Hi there, friend! I’m thankful you stopped by for a visit.
Here’s a follow-up to my Math Room Tour. This collection of photos basically serves as a way to memorialize my early teaching years. That way, when I’m old and gray, I can show my grandchildren pictures of my class and say, “See kids, there used to be these devices called ‘books.’ ” 😉
As I shared in the Math post, I teach at an independent school and have the luxury of focusing on just two subject areas: Math and Science. It should be said that I love the subjects I teach wholeheartedly and get as giddy as the kids during experiments.
First stop is our reading nook. The turtle was a happy Kirkland’s clearance find, and I pray it lasts through a few classes because I love him and hope to take him home when we (Lord willing) have children of our own. I haven’t named him yet, and I now realize what a disappointing fact that is. Timmy Turtle? Pokey? What works?
One of the first organizing tasks I tackled was to sort the books into groups by topic, then place them into front-facing bins. I truly believe this is a helpful way to organize books for young children, rather than simply leaving the spine exposed. A classroom volunteer helped me to sort books, cut labels, and adhere them.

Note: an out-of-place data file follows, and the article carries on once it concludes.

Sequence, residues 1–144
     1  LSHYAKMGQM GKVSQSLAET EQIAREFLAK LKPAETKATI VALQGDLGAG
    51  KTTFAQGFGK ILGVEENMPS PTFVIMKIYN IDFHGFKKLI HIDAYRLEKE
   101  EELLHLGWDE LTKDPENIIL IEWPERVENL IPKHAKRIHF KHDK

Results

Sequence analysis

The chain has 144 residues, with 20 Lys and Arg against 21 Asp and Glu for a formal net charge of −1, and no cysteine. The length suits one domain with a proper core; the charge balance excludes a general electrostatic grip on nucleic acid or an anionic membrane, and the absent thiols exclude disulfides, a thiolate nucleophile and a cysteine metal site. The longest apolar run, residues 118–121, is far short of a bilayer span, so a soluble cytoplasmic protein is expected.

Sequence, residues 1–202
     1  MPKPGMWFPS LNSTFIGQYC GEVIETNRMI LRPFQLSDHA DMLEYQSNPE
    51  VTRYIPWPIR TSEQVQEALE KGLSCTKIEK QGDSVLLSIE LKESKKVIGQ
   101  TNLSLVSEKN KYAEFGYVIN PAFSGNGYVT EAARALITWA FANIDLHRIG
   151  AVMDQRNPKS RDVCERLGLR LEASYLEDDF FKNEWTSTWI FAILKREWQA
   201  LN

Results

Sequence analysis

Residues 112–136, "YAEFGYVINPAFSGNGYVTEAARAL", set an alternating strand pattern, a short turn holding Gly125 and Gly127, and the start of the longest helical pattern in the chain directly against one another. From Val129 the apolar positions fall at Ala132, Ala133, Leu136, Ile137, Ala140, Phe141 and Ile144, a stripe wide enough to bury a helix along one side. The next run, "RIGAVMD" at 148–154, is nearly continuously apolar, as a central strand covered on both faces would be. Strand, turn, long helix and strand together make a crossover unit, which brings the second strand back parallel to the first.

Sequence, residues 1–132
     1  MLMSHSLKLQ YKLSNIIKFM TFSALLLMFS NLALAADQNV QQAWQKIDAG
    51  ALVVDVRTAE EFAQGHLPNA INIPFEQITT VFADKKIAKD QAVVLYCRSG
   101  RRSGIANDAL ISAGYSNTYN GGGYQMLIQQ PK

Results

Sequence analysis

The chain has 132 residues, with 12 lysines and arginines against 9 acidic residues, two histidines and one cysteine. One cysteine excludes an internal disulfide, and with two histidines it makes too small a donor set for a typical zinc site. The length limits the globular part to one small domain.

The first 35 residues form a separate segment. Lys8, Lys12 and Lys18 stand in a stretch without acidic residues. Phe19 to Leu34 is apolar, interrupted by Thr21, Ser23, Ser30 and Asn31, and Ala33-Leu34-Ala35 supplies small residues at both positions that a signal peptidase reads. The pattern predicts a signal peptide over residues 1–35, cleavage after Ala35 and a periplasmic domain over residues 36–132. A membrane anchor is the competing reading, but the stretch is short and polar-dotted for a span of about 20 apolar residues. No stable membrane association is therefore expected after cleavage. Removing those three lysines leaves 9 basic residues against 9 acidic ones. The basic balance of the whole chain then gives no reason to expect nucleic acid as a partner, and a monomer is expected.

This long set of trapezoid table serves a location for centers, and stores Big Books right beside our library.
I keep recent newsletters on the bulletin board for students, parents, and visitors. This was our First Grade’s Science fair note.
I have a strong urge to include corny jokes and puns related to the content on each document, but sometimes I manage to resist.
Though my Second-Grade students made these way before Christmas, I haven’t had the heart to take them down. That day, a student from each group was traced, then the group rounded up their white crayons and colored pencils to sketch their own versions of a human skeleton as we reviewed each (major) bone.
Why is there a decorative frog, clock, and watering can on this shelf? To be cute, of course! I mean, I could loosely tie them in to our Plant and Animal Classification units, but let’s be honest. They serve absolutely no educational purpose, but sure make a big, blank wall a little happier.
These are our second-grade kids’ cubbies. I make no apologies for their disheveled appearance. This is what we call “keeping it real,” guys. My sweet aunt, a reading specialist, gave me the stuffed Clifford, giraffe, and tiger with companion books during my first year of teaching.
My Science desk, which I admittedly rarely use. On the left is a rocker from my own childhood nursery. It’s another item I hope survives elementary school in one piece. 🙂 The rug was a Kroger marketplace steal and serves as a great meeting area.